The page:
From a Charlie Brooker article in the gaurdian.co.uk…………..

 

Now it’s almost time to hurl another outmoded device down the historical garbage chute: your body. Last week, researchers at Washington University unveiled a new mind-control computer system. Traditional mind-control systems – and the fact that any mind-control system can be referred to as “traditional” shows you how nuts-deep into the future we already are – require the user to don an EEG skullcap before thinking very hard about specific actions. The resultant brainwaves are then crudely interpreted and the device reacts accordingly. But practical use is severely restricted thanks to the human skull, which muffles some signals and amplifies others. It’s like trying to work out what your neighbours are up to by pressing your ear against the wall: fun, but often wildly misleading.

Which is where electrocorticography comes in. Electrocorticography basically means “sticking sensors directly on to the surface of the brain”. Once you’ve done that, you get a far more reliable signal. Already they’ve had volunteers controlling an onscreen cursor by imagining different vowel sounds. As soon as they refine it further, giving the user the ability to steer the pointer around and click on things, the days of mass-market Wi-Fi mind-controlled iPads will be upon us before you can smother your kids in their sleep to protect them from precisely such a future.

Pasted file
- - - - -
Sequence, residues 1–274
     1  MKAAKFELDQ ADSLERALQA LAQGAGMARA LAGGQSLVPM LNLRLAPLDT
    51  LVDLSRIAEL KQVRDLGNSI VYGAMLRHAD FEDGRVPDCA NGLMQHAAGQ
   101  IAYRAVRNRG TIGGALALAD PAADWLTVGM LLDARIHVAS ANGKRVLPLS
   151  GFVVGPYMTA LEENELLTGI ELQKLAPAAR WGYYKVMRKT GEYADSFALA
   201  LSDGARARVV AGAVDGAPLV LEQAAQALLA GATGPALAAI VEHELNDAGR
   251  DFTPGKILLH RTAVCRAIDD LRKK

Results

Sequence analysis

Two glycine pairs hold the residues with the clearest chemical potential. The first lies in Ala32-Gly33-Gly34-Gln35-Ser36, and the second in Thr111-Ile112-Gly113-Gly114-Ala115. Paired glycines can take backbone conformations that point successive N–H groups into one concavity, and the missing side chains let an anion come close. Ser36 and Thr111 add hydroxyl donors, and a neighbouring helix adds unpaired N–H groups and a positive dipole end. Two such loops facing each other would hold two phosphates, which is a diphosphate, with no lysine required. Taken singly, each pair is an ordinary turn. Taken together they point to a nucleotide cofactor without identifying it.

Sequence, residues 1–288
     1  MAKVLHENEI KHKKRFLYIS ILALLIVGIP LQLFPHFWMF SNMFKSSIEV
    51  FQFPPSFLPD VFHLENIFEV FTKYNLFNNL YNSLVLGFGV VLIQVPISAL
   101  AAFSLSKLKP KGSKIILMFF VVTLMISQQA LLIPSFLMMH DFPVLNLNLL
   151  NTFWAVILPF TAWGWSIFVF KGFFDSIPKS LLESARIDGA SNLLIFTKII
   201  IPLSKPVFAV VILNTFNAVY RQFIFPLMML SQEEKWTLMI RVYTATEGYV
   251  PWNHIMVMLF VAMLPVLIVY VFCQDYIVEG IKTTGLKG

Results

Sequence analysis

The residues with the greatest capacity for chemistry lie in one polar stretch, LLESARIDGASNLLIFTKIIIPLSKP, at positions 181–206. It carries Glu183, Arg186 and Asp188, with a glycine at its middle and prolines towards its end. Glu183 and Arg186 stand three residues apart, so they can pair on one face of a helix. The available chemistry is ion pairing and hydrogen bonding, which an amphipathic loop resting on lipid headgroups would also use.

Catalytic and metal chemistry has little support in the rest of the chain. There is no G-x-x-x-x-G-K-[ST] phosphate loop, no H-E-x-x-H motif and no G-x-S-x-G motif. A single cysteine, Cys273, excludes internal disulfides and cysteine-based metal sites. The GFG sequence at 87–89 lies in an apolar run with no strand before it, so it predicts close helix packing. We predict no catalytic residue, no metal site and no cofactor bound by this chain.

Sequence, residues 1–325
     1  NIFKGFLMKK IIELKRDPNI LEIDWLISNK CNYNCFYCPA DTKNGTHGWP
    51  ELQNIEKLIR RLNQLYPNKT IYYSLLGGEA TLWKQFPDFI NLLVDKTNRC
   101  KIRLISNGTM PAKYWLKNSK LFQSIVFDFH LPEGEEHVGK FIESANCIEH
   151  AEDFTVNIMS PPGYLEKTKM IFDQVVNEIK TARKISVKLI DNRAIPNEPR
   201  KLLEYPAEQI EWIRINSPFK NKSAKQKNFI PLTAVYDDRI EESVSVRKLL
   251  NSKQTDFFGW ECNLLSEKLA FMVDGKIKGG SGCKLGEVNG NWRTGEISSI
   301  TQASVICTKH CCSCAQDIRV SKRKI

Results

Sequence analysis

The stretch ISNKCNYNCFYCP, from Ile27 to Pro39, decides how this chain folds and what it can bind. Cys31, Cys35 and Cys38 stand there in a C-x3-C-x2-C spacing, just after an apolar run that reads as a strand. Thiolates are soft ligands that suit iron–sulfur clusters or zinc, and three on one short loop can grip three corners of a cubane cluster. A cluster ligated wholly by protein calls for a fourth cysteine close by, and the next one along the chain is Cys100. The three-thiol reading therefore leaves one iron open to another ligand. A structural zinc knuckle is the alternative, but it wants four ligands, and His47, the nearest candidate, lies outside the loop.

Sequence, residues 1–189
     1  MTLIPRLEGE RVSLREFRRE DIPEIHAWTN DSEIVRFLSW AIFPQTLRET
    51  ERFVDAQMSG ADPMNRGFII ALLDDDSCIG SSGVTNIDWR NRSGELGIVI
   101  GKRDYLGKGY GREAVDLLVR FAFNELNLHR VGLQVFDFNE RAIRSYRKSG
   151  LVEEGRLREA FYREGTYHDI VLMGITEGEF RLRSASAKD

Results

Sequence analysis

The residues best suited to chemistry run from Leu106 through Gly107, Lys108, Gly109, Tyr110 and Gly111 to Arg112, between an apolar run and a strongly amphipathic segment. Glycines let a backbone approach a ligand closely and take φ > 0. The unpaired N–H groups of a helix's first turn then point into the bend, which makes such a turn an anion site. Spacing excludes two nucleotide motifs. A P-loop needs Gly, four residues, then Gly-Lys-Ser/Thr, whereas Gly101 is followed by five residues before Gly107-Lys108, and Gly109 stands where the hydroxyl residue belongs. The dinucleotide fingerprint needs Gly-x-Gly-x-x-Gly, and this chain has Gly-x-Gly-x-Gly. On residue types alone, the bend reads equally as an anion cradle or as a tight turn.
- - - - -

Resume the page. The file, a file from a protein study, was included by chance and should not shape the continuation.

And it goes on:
But is this really so sinister? All computers are mind-controlled already. My hand may steer the mouse and my fingers may punch the keys, but none of this takes place without my mental say-so. My brain runs things round here. Surely all a mind-controlled interface does is cut out the corporeal middleman, leaving your fingers free to do something more useful, such as plugging your ears so you can’t hear the horrified screams spontaneously exploding from your facehole? What’s the problem?

The problem is that the body is the final, crucial buffer between the skittish human mind and the slavish machine servant. Think of how many furious email responses you’ve composed in haste, only to halt and reflect at the final moment as your finger hovers over the “send” button. The simple fact that a small physical action is required to actually deliver the damn thing is often enough to give pause for thought.

When mind-controlled computers become a commonplace reality, you’ll have typed and sent that message in the time it takes to stub a toe; as quick as pulling a facial expression, but more detailed, and full of swearwords.

 

The rest of the article is great. Read it here.

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